This was the high point of Mary’s obsession and paranoia over malicious animal magnetism. It had grown to the point where she believed that her communications with students were being intercepted by mesmerist agents. Messages had to be mailed secretly since Mary believed that even the USPS had been “enveloped in mesmerism.”

Everything in her life became consumed with these evil mesmerists who were out to get her in every way imaginable. They turned housekeepers and maids against her, students against her, and eventually the whole town of Lynn was against her thanks to the thoughts of Kennedy and Spofford. Even Asa himself, who was caught in his own fear of these people, began to displease Mary and she too accused the malicious mesmerists for this.

Then, at the end of their patience with Mary, eight students would leave, claiming that they were tired of her “love of money and the appearance of hypocrisy.”

Many of her most dedicated students had grown tired of her obsession with this malicious animal magnetism. Together they drafted and signed a resignation, then presented it to Mary at their next meeting. Mary was indignant and blamed, you guessed it, mesmerists for getting to them.

She then tried to see them individually, which failed as none of them wanted to discuss anything further with her. Still, refusing to accept that they (and several others after them) had resigned, she instead threatened them with expulsion. Either way, the damage was done, and any goodwill she had in Lynn had finally dried up.

Demoralized, she and Asa would leave for Boston and establish the Massachusetts Metaphysical College. It was established under a questionable charter that allowed them to hand out nonsense degrees. The college didn’t have a regular building either; instead it largely existed wherever Mary did. At best, she had hung a sign outside her home that declared it to be the Massachusetts Metaphysical College and I suppose under the aforementioned charter, that was enough to make it so.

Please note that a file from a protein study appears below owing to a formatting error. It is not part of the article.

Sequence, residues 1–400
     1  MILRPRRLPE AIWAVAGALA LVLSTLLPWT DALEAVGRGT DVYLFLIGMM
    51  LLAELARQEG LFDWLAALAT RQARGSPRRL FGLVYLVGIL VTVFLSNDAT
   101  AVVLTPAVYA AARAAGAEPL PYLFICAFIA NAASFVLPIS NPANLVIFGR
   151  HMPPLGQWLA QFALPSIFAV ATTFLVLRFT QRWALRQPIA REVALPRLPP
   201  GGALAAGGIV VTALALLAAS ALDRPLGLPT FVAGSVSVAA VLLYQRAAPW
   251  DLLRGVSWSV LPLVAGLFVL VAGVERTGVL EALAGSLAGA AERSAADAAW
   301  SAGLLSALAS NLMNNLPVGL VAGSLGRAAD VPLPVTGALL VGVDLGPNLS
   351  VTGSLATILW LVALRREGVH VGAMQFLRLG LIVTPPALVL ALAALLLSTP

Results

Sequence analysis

An interesting side-note: This “college” gave out degrees of C.S.B, C.S.D, or D.S.D. I didn’t see any explanation of what these “degrees” really meant, but it was a funny note that people actually would use these to give themselves titles of doctor. Kind of like how PhD’s will often go around calling themselves Doctor to make it sound like they have expert medical knowledge.

It wouldn’t be that long after their move that Asa would suddenly become ill. Within a few months, he would be dead. Doctors diagnosed him with heart disease and later confirmed that diagnosis with an autopsy; a failed aortic valve and calcium deposits being the ultimate cause.

Mary, however, had a different idea. In a press conference she announced that he had been killed due to malicious animal magnetism, and that Christian Science could have saved him if it had been used in time. She also claimed that Arens was the one responsible for her husband’s unfortunate end, claiming that he had used “mental arsenic” to poison him.

Arens had moved with them to Boston and set up his own practice, where he printed his own pamphlet of metaphysics that heavily borrowed from Science and Health and mixed it with his own ideas. He also painted a through-line of the method from Jesus to Quimby, with some minor deference to Mary. Mary, obviously, didn’t like that and in the third edition of Science and Health included a preface written by Asa that denounced Arens as a plagiarist.

From that point onward, Mary claimed that Arens (like Kennedy and Spofford before him) was a malicious mesmerist whose effect on her was “like arsenic”. Which ties us back into why she thought he killed her husband.

Side Note: This is probably the wildest thing from Asa’s death. According to the account in The Life of Mary Baker G Eddy, Asa had willed his family farm to Mary when he died. She then sold it to a neighbor for $1,500. Now, that would’ve been a lot then, but as a Millenial I’m weeping on the inside.